Since mudsnails are able to avoid contaminated sediment and that the contaminants in sediment are not uniformly distributed, the mudsnail Peringia ulvae was exposed to cadmium (Cd) spiked sediment and assessed for avoidance response in a heterogeneous contamination scenario. Four Cd concentrations were prepared and disposed in patches on dishes, which were divided in 25 fields (six fields for each sediment concentration); 24 organisms were deployed in the central field, with no sediment. Observations were made at 2, 4 and 6 h (corresponding to immediate response), 8, 10 and 12 h (very short term), and 24 h (short term). A trend to avoid contaminated patches was observed in the immediate and very short term (Figure 3).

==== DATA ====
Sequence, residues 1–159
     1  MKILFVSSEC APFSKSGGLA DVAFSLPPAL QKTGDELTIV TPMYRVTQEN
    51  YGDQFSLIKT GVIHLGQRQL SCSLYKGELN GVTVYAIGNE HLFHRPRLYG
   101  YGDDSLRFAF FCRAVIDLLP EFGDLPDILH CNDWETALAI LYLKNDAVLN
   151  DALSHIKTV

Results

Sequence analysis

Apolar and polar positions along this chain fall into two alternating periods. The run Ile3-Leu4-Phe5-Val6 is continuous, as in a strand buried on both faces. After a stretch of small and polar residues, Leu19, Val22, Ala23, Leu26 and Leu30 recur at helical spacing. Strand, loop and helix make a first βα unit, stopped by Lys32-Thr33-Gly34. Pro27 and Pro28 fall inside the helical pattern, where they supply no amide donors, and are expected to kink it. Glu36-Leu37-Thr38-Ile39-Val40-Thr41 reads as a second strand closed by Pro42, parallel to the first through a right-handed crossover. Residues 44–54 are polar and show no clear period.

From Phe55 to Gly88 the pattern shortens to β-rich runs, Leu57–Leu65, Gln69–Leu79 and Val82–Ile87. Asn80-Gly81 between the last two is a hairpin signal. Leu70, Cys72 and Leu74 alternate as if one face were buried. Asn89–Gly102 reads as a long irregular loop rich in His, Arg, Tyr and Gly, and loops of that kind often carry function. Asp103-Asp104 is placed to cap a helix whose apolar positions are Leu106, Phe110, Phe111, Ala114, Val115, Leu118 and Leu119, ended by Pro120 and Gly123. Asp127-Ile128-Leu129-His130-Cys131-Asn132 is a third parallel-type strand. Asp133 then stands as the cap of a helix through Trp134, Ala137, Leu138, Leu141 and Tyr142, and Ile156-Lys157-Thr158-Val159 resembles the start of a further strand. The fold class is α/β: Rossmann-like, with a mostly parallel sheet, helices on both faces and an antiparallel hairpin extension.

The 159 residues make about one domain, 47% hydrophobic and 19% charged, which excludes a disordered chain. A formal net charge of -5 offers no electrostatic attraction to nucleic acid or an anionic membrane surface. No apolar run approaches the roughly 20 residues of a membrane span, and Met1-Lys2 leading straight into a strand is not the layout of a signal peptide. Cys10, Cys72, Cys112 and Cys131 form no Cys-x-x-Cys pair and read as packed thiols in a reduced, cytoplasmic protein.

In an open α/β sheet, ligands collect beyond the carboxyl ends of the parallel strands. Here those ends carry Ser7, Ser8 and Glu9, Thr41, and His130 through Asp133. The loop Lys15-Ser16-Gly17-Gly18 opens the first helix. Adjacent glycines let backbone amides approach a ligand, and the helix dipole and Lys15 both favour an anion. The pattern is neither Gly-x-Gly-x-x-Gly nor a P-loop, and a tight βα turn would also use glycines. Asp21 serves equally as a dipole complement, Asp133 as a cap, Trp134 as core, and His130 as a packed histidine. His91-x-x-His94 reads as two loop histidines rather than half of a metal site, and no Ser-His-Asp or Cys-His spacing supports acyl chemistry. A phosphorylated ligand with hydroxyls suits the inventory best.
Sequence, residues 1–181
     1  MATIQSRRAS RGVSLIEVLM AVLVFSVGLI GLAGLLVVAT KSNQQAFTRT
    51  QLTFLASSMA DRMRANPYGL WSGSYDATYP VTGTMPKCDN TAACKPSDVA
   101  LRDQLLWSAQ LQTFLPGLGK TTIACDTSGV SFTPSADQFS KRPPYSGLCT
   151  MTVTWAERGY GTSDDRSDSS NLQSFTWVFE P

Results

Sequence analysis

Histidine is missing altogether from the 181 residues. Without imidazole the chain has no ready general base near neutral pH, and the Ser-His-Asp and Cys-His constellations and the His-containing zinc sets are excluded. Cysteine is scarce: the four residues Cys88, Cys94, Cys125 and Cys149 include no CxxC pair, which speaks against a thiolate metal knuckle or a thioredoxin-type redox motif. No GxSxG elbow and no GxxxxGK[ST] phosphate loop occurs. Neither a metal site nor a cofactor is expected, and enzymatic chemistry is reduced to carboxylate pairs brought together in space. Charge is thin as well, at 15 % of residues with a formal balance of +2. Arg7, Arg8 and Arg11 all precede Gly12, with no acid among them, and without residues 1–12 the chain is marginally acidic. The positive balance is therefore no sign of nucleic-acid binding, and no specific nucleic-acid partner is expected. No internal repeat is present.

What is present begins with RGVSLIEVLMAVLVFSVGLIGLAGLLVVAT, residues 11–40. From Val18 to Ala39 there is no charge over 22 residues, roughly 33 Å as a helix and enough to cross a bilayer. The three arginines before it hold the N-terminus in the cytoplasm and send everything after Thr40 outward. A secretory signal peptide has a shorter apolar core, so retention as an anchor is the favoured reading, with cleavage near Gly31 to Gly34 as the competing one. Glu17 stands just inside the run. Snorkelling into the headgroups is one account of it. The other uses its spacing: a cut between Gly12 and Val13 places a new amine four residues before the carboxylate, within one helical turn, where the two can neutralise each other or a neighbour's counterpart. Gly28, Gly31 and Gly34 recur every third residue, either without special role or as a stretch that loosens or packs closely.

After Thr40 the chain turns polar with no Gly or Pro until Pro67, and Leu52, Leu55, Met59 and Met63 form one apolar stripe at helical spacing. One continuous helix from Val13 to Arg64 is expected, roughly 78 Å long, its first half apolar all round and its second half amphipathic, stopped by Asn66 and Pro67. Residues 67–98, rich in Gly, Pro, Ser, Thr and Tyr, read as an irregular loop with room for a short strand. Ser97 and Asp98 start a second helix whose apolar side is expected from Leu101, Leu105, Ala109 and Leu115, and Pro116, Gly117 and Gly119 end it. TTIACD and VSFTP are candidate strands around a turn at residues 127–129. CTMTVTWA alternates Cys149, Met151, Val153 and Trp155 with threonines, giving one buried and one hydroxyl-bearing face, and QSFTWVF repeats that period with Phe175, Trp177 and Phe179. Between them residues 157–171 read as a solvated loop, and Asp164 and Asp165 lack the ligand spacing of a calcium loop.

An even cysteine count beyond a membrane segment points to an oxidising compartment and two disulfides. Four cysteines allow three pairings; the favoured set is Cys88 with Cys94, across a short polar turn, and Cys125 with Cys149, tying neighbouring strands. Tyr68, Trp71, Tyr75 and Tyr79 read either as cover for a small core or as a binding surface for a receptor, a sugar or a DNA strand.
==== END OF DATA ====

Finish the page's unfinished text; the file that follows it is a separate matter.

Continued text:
After 24 h exposure, the organisms exposed to the highest level of contamination seemed to have lost the ability to move and avoid contaminated patches. In a contamination scenario in which non- and contaminated sediment patches are heterogeneously distributed, local mudsnail populations can simply rearrange their locality without needing to relocate in a different habitat. Such area can become donor areas in a future recolonization scenario.
Cristiano V. M. Araújo, Mónica Martinez-Haro, Antonia Juliana Pais-Costa, João Carlos Marques, Rui Ribeiro. 2016. Patchy sediment contamination scenario and the habitat selection by an estuarine mudsnail. Ecotoxicology 25, 412-418. DOI: 10.1007/s10646-015-1599-1 – http://link.springer.com/article/10.1007/s10646-015-1599-1